There are only a few cities in the United States where multiple century-old restaurants compete to be the best, and even fewer cities were the modern-day cuisine is just as prominent. At the top of the list is New Orleans. The Big Easy restaurant scene leans heavily on its Creole and seafood roots, and we’re not complaining. Here are our top picks for a night out. We’ve got classic Creole cuisine, modern seafood, and your favorite restaurant.
Nestled in a 200-year-old French Quarter cottage, chef Susan Spicer’s Bayona melds flavors from around the world with local ingredients to create elevated, classic cuisine. Sip on one of the house cocktails in the spacious courtyard and listen to the sounds of the city.
Celebrated chef Frank Brigtsen prepares Creole fare out of this Victorian-style cottage in the Uptown/Riverbend area. Brigtsen’s is known for its consistently well-prepared dishes and its hospitable service, which is led by Marna, Frank’s wife.
Clancy’s is touted as one of New Orleans’ first Creole bistros, which paved the way for many of the most renowned restaurants in the city today. Additionally, Clancy’s wine cellar is one of the finest in the city, making it the perfect location for a night of wining and dining.
Commander’s Palace has been a New Orleans staple since its bright blue doors opened in 1880. The establishment’s refined Creole fare combined with impeccable service creates an atmosphere of Southern hospitality at its finest. Don’t miss the Sunday Jazz Brunch, which is a must for both locals and visitors alike.
Coquette offers inventive American cuisine with a focus on locally sourced products on its constantly changing menu. Each dish is plated with precision and resembles a work of art brought to fruition by the chef and owner, Michael Stoltzfus. The five-course tasting menu is a magnificent selection of seasonal dishes customized for each table.
Galatoire’s has been the epitome of New Orleans tradition and class since opening on Bourbon Street in 1905. The restaurant prides itself on its consistency of culinary expertise and preservation of tradition throughout more than a century of service. One of those traditions? Men are required to wear jackets while dining.
Situated in Uptown New Orleans, Gautreau’s is truly a hidden gem. Chef Suzan Zemanick, who has been nominated for several James Beard Awards and also appeared on two seasons of Top Chef Masters, beautifully marries French and American cuisine on the bistro’s impressive menu.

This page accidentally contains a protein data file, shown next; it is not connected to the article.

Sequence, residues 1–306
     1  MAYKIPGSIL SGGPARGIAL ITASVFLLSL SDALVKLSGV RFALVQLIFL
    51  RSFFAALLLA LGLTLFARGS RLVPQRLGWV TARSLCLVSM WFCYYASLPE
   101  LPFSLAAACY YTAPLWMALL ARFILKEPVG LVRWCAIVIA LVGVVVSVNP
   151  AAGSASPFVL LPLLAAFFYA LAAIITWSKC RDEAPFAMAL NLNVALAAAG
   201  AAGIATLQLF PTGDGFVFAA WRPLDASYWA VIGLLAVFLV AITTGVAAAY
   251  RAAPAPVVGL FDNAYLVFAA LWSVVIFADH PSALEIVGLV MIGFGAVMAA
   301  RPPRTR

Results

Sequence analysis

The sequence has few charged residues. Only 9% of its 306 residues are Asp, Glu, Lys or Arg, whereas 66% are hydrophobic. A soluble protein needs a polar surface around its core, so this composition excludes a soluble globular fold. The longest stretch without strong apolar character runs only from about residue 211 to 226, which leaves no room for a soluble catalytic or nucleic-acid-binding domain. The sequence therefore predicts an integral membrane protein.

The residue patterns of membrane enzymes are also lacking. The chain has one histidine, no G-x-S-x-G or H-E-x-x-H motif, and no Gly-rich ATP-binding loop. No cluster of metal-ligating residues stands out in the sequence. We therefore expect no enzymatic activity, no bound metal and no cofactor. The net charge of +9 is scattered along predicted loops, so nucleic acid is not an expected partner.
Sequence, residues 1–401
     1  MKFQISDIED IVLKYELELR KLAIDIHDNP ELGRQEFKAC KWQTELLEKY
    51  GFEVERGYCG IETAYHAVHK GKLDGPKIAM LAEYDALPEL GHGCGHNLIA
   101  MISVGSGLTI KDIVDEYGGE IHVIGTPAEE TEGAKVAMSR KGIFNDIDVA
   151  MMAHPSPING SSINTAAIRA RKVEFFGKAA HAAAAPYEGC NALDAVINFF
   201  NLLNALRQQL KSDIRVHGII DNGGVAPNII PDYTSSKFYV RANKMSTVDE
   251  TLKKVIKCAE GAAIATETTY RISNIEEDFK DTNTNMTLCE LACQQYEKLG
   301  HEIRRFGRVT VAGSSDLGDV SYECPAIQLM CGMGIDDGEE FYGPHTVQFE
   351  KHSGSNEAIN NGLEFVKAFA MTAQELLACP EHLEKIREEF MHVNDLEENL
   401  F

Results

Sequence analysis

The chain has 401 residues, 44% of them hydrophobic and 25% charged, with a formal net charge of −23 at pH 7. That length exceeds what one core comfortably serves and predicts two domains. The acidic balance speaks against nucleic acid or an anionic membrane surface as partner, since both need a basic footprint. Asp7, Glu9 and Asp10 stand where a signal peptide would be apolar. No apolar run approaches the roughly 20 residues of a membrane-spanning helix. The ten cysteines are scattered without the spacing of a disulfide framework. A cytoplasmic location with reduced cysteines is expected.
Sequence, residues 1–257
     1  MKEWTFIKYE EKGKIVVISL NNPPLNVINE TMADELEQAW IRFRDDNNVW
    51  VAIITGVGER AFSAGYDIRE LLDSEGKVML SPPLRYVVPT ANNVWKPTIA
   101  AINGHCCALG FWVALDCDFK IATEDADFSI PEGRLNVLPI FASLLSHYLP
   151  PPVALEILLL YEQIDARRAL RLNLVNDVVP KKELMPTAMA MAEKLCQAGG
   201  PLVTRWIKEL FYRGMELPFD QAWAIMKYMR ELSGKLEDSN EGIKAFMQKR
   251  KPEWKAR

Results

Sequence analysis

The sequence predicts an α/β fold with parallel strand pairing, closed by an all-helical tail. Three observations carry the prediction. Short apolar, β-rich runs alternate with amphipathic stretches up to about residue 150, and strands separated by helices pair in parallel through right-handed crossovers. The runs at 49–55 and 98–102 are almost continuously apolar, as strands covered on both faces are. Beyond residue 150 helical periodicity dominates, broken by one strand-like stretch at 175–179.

GW Fins specializes in preparing fresh, local seafood in a fine-dining atmosphere. Chef Tenney Flynn works with seasonal ingredients and only purchases whole fish for in-house fileting. GW Fins has become known as the premier location for seafood dining throughout the New Orleans area.
La Petite Grocery may be named after of the grocery store that once occupied its building, but these days, the restaurant is creating its own legacy. Chef Justin Devillier, who took home a James Beard Award this year for Best Chef: South, serves up Louisianan fare marked with his own personal touch. Check out the Magazine Street location for lunch, dinner, or Sunday brunch.
Since opening in the spring of 2013, Peche has garnered high praise as one of New Orleans’ top seafood restaurants. Led by chefs Donald Link and Ryan Prewitt, Peche offers a unique array of coastal seafood that is prepared with an exceptionally modern twist. Don’t leave without ordering the grilled whole Gulf fish, served tip to tail.
As the flagship restaurant of chef John Besh’s culinary empire, Restaurant August executes stunning French cuisine that somehow feels both home-cooked and wildly inventive. Restaurant August is one of only three restaurants to ever receive a five-bean rating from New Orleans food critic Brett Anderson and the only one still in business today.
Located in The Royal Sonesta Hotel in New Orleans’ French Quarter, this joint venture of acclaimed chefs John Folse and Rick Tramonto fuses their very different culinary backgrounds to create contemporary Creole cuisine. Check out the wine room where you can dine next to the restaurant’s 10,000-bottle wine cellar.
Rue 127, situated in a New Orleans shotgun-style house in Mid-City, serves elevated New American cuisine in an intimate setting. Chef Ray Gruiezke obtains much of the kitchen’s produce directly from his family’s farm in Bay St. Louis, Mississippi. The menu evolves based on what is in season and available locally.
At Shaya, experience modern Israeli cuisine created by James Beard Award-winning chef Alon Shaya. Shaya’s diverse offerings — featuring colorful, fresh ingredients — will make you feel like you are in Israel, and the warm, pillowy pita bread will keep you coming back for more.
Influenced by family traditions and his Cajun roots, chef Isaac Toups opened Toups’ Meatery with his wife, Amanda, in the spring of 2012. As one might guess, the menu features a wide array of prepared meats and one of the most diverse charcuterie boards in the city. Since the restaurant’s opening, Isaac completed a successful stint on Bravo’s Top Chef where he made it to the final four and was voted Fan Favorite.